Patrociño’s mother and sister died when he was young. He left home when he was 11 to work as a laborer and never attended school for more than a few weeks. He was thus unable to read or write. His work was discovered in the early 1930s by ethnographers from Roosevelt’s Works Progress Administration. He was widely lauded and called "discovery of the year" by Time magazine. Fame and wealth, however, meant little to him so he did not exploit his work for profit. Thirty years later he died in a fire in his studio in Taos, NM, still poor and illiterate. Below are photos of his work that in our view capture the same humble and yet existential characteristics of religious expression embodied by the Penitentes.

Below are two pages from William’s score of Land of Journeys’ Ending composed in 1974 when he was still a young man. This work is based on Psalm XXII and in our minds distantly alludes to the Brothers of Light and their mystical devotion, though the only direct reference to the Penitentes is an alabado sung at the beginning by a baritone. As with many artists, mostly Southwest painters who have alluded to the Penitentes, this work is an expression of our hope that that the Penitentes’ fragile culture will be honored and preserved.



Two historical images of Los Penitentes:  William Penhallow Henderson's Holy Week in New Mexico/Penitent Procession, 1919; and an albumen silver print by Charles Lumis from 1888.





5. A Memory of Claus Adam


As final thought, we would like to remember Claus Adam (1917-1983,) best known as the cellist of the Juilliard String Quartet, who was one of the few people back in the 1970s to appreciate this composition.  He had become aware of New Mexico’s rich culture because he was one of the earliest members of the Santa Fe Chamber Music Festival. His Austrian father was an ethnologist living in Indonesia when Claus was born. When he was six they returned to Austria where he eventually studied at the Mozarteum in Salzburg. In 1929 he immigrated to the USA and became a naturalized citizen in 1935. For the last decade of his life, he devoted himself to composing. His connection to ethnology, New Mexico, and composition are probably factors that led to his appreciation of Land of Journeys’ Ending. Sadly, he passed away not long afterwards, a musical personality missed to this day.



6. Dual-language text of the alabado used and Psalm XXII
(The alabdo is taken from the John D. Robb field recordings housed in the archives of the Center for Southwest Research at the University of New Mexico.)


Movement I (begins with an Alabado)

Por el rostro de la sangre
que Jesus Christo Redema
Camina la virgin pura
En una fresca mañana .

De tan de mañana que era
alla hora que caminaba
las campanas de Belen
solas tocaban el alba.

  Psalm XXII
1. Dios mío, Dios mío, ¿por qué me has dejado? ¿Por qué estás lejos de mi salud, y de las palabras de mi clamor?
2. Dios mío, clamo de día, y no oyes; Y de noche, y no hay para mí silencio.
6. Mas yo soy gusano, y no hombre; Oprobio de los hombres, y desecho del pueblo.
7. Todos los que me ven, escarnecen de mí; Estiran los labios, menean la cabeza, diciendo:
8. Remítese á Jehová, líbrelo; Sálvele, puesto que en él se complacía.
9. Empero tú eres el que me sacó del vientre, El que me haces esperar desde que estaba á los pechos de mi madre.
10. Sobre ti fuí echado desde la matriz: Desde el vientre de mi madre, tú eres mi Dios.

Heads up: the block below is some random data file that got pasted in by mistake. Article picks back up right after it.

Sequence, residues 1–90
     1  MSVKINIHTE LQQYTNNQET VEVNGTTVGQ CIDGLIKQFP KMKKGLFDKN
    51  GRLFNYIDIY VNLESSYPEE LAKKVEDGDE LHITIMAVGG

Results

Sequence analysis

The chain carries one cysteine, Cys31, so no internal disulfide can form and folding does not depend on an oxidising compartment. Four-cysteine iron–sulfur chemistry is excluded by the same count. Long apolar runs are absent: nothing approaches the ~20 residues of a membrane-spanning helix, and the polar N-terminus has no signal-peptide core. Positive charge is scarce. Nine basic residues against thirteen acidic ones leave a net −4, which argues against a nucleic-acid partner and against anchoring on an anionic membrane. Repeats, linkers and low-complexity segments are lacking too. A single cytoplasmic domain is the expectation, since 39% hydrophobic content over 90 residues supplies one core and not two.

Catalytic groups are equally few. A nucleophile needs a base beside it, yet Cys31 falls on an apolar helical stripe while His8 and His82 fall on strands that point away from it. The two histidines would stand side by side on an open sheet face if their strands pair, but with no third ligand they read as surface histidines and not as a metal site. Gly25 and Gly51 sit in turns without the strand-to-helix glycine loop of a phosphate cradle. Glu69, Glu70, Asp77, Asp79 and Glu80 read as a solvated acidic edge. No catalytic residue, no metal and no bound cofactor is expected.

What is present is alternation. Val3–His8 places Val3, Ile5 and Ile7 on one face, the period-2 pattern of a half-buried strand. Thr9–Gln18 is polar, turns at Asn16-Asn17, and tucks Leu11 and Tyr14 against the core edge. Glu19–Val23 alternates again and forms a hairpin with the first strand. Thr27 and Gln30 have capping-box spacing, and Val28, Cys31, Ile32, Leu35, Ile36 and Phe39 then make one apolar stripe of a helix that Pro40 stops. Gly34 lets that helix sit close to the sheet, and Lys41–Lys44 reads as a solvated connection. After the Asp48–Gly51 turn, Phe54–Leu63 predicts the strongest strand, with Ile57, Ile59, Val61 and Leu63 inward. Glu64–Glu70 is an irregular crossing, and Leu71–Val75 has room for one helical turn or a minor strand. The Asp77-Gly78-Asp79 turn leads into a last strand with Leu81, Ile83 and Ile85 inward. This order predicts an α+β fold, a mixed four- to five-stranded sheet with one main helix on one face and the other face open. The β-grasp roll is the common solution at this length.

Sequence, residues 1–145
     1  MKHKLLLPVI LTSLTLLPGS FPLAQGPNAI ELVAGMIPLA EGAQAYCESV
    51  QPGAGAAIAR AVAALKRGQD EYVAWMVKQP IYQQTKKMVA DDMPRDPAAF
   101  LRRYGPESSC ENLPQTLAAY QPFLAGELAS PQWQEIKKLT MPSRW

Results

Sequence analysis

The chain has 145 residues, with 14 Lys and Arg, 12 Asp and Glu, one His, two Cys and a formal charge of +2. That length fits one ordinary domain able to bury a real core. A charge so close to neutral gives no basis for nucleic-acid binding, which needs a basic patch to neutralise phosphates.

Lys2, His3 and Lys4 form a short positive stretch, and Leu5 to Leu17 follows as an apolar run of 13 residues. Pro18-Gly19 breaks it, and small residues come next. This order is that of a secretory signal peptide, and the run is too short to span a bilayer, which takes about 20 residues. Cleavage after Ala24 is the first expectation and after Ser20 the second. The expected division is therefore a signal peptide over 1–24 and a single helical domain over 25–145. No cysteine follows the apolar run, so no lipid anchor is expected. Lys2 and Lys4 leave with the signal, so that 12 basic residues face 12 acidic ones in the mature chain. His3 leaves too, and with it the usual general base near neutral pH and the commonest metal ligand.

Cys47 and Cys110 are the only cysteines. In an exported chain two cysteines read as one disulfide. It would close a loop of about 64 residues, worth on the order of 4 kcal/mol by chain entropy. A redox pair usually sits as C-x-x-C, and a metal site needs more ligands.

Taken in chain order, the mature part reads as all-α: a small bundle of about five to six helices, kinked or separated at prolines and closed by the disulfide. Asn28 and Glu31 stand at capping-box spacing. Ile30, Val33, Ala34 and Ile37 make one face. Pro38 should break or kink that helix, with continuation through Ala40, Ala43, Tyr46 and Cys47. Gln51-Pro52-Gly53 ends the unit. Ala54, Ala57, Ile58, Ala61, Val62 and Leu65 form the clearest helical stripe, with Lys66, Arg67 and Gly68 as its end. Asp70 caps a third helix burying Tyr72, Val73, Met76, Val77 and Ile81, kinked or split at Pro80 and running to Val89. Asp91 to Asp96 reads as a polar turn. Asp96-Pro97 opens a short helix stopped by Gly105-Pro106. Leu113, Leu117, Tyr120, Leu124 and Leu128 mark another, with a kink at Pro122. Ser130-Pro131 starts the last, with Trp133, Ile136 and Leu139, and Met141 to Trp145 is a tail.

Movement III

11. No te alejes de mí, porque la angustia está cerca; Porque no hay quien ayude.
12. Hanme rodeado muchos toros; Fuertes toros de Basán me han cercado.
13. Abrieron sobre mí su boca, Como león rapante y rugiente.
14. Heme escurrido como aguas, Y todos mis huesos se descoyuntaron: Mi corazón fué como cera, Desliéndose en medio de mis entrañas.
15. Secóse como un tiesto mi vigor, Y mi lengua se pegó á mi paladar; Y me has puesto en el polvo de la muerte.
16. Porque perros me han rodeado, Hame cercado cuadrilla de malignos: Horadaron mis manos y mis pies.
17. Contar puedo todos mis huesos; Ellos miran, considéranme.
18. Partieron entre sí mis vestidos, Y sobre mi ropa echaron suertes.

Movement V
23. Los que teméis á Jehová, alabadle; Glorificadle, simiente toda de Jacob; Y temed de él, vosotros, simiente toda de Israel.
24. Porque no menospreció ni abominó la aflicción del pobre, Ni de él escondió su rostro; Sino que cuando clamó á él, oyóle.
25. De ti será mi alabanza en la grande congregación; Mis votos pagaré delante de los que le temen.
26. Comerán los pobres, y serán saciados: Alabarán á Jehová los que le buscan: Vivirá vuestro corazón para siempre.

27. Acordarse han, y volveránse á Jehová todos los términos de la tierra; Y se humillarán delante de ti todas las familias de las gentes.
31. Vendrán, y anunciarán al pueblo que naciere, Su justicia que él hizo.

Movement I (begins with an Alabado)

By the trail of the blood
Which Jesus Christ had shed
The pure virgin traveled
On a fresh morning.

It was such an early hour
When she journeyed forth
That the bells of Bethlehem
Were ringing in the dawn.

Psalm XXII

1. My God, my God, why hast thou forsaken me? why art thou so far from helping me, and from the words of my roaring?
2. O my God, I cry in the day time, but thou hearest not; and in the night season, and am not silent.
6. But I am a worm, and no man; a reproach of men, and despised of the people.
7. All they that see me laugh me to scorn: they shoot out the lip, they shake the head, saying,
8. He trusted on the Lord that he would deliver him: let him deliver him, seeing he delighted in him.
9. But thou art he that took me out of the womb: thou didst make me hope when I was upon my mother's breasts.
10. I was cast upon thee from the womb: thou art my God from my mother's belly.

Movement III
11. Be not far from me; for trouble is near; for there is none to help.
12. Many bulls have compassed me: strong bulls of Bashan have beset me round.
13. They gaped upon me with their mouths, as a ravening and a roaring lion.
14. I am poured out like water, and all my bones are out of joint: my heart is like wax; it is melted in the midst of my bowels.
15. My strength is dried up like a potsherd; and my tongue cleaveth to my jaws; and thou hast brought me into the dust of death.
16. For dogs have compassed me: the assembly of the wicked have inclosed me: they pierced my hands and my feet.
17. I may tell all my bones: they look and stare upon me.
18. They part my garments among them, and cast lots upon my vesture.

Movement V
23. Ye that fear the Lord, praise him; all ye the seed of Jacob, glorify him; and fear him, all ye the seed of Israel.
24. For he hath not despised nor abhorred the affliction of the afflicted; neither hath he hid his face from him; but when he cried unto him, he heard.
25. My praise shall be of thee in the great congregation: I will pay my vows before them that fear him.
26. The meek shall eat and be satisfied: they shall praise the Lord that seek him: your heart shall live for ever.
27. All the ends of the world shall remember and turn unto the Lord: and all the kindreds of the nations shall worship before thee.
31. They shall come, and shall declare his righteousness unto a people that shall be born, that he hath done this.